blue coloured areas of Jupiter. They also is needed to reach perfect focus. With the #25 (red), #21 (orange), #38A (dark blue) and #80A
penetrate the violet absorbing haze that planet low in the sky it is essential to use (light blue).
hangs over Jupiter’s atmosphere, so will an infrared blocking ﬁlter, especially when
penetrate deeper into the atmosphere. Red imaging with colour cameras such as the
or orange ﬁltered views tend to be by far Philips T oUcam.
the most detailed and I highly recommend Tri-colour CCD imaging is the
them, especially with Jupiter being so low in most challenging area but yields the best
the sky. Blue ﬁlters will enhance the redder possible results. One must obtain a red,
coloured areas of the atmosphere and the green and blue ﬁltered image in under
belts will appear very dark through this ﬁlter. approximately two minutes because of
The Great Red Spot also appears much Jupiter’s fast rotation. Jupiter displays different details through different coloured filters
darker in blue coloured ﬁlters. Observers One area worth special mention as shown in these images. A blue filter was used for the image on
using CCD cameras can also employ a wide during the 2007 apparition is the use of the left, a green filter for the centre image and a red filter for the
picture on the right. Image: Damian Peach.
range of ﬁlters (see The use of coloured ﬁlters).
lters infrared pass ﬁlters for imaging. Seeing
A great way to learn more about Jupiter conditions are much less turbulent in the
and become familiar with its features its far-red wavelengths and images taken
to draw the planet. For centuries this was through ﬁlters that pass light from 700
the only way to record Jovian activity and nanometres and up will produce the best
remains to this day an ideal way to ‘learn results possible with the planet so low in
the ropes’ of observing the giant planet. the sky. These ﬁlters are not expensive
More detail and advice on visual observing and it’s well worth investing in one for
is available from organisations such as the the coming Jupiter apparition.
British Astronomical Association (www. Once the observer has obtained
britastro.org.) the raw images, they can proceed to
processing them on the computer.
CCD and webcam imaging Unsharp masking is by far the most
As well as being a fascinating target for the common routine used for sharpening
visual observer, Jupiter is an excellent target images, and works very well. One should
for today’s amateur equipped with a CCD be careful not to over-sharpen their
camera or webcam. images, but process them so as much
CCD imaging of Jupiter in the last few detail as possible is displayed, with as little
years has revolutionised amateur study of visible noise as possible. Programs such
the planet. Experienced amateurs today as Registax are commonly used to process
are regularly producing CCD images with webcam sequences and this is available Above: Jupiter (upper left) will be six degrees north of the Moon, with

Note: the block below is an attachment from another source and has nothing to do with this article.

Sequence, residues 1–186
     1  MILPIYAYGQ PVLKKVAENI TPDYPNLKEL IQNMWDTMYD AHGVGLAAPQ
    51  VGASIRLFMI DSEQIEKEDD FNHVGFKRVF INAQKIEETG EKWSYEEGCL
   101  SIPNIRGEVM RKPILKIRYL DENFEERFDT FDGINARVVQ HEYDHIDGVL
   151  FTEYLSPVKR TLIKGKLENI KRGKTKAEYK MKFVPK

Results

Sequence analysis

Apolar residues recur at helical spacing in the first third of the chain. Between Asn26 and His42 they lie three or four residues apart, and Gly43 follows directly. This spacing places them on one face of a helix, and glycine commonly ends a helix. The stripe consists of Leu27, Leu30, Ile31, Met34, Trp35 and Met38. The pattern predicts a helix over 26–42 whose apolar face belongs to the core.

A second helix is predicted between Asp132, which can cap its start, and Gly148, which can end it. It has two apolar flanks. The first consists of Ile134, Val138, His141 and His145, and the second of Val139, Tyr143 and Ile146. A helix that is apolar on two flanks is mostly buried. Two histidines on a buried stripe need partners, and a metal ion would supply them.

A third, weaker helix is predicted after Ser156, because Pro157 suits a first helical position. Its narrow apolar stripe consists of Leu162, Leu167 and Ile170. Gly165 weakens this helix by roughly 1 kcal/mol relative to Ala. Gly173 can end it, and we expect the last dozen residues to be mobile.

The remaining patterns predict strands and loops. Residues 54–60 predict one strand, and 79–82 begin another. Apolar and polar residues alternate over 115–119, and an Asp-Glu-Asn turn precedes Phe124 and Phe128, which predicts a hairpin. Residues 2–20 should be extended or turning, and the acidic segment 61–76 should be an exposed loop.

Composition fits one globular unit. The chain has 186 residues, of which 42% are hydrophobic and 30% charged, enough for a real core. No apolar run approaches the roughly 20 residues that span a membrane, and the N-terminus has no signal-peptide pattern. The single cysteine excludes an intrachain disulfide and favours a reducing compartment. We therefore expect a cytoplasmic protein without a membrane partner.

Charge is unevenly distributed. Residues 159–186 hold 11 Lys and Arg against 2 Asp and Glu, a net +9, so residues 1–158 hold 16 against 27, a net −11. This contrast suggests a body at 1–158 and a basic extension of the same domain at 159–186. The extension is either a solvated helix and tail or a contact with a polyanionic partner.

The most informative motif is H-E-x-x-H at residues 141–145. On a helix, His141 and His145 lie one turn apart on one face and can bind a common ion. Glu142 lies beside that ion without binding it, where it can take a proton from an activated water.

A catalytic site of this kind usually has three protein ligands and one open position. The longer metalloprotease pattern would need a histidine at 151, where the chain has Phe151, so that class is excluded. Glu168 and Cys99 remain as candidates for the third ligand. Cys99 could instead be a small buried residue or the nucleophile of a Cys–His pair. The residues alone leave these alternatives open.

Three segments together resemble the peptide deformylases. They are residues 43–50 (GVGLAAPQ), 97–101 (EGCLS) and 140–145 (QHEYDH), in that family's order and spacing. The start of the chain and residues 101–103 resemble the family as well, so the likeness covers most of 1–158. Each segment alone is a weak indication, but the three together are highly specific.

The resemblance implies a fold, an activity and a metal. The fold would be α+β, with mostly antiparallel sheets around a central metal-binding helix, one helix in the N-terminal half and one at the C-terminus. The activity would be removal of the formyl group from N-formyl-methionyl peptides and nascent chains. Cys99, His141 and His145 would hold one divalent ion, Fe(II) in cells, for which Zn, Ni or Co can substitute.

20cm (8-inch) to 40cm (16-inch) telescopes for free download at http://registax. bright red star Antares just 0.5 degrees north, on 28 June. Jupiter and
Antares, twin red objects, will be close together for much of the summer.
that exceed the quality and resolution of astronomy.net/ AN graphic by Greg Smye–Rumsby.
photographs produced from professional
mountaintop observatories 20 years ago. Further advice and information
The very best images produced can resolve Observers should consider sending there
low contrast features down to around 0.2 visual drawings and CCD images to the
arcseconds, giving such images an almost British Astronomical Association. Observers JUPITER FACT FILE
‘Hubble-esque’ appearance. can ﬁnd information on the Jupiter section’s
CCDs today have never been more activities on their web page. Books such as Equatorial diameter: 143,082km
affordable. Equipped with a good 15cm The Giant Planet Jupiter by John Rogers Polar diameter: 133,792km
telescope, webcam and PC, observers can provide a wealth of information about
produce detailed nightly images of Jupiter Jupiter, while The Lunar and Planetary Rotation period of System I: 9h 50m 30s
that are not only fascinating to look at but Webcam User Guide by Martin Mobberley Rotation period of System II: 9h 55m 40s
scientiﬁcally valuable as well. Webcams such would be an excellent choice to learn more Rotation period of System III: 9h 55m 30s
as the Phillips T oUcam, which costs around about the vast subject of CCD imaging of
£50, has brought high-resolution imaging the planets. Mass: 1.9 x 1027kg
into an affordable price bracket and the For me, Jupiter is without doubt the (as much as all the other planets put together!)
keen amateur could equip themselves with planetary jewel of the sky. Large, bright and Mean albedo: 0.52
a system that could produce detailed images always changing in an appearance it can Mean distance from Sun: 730 million km
for as little as £500. provide many hours of viewing pleasure for Mean distance from Earth: 581 million km
Obtaining good images will take a observers using a wide range of astronomical Angular diameter: 31–49 arcseconds
lot of practice and patience. Most areas instruments.
Astronomy Now Yearbook 2007 85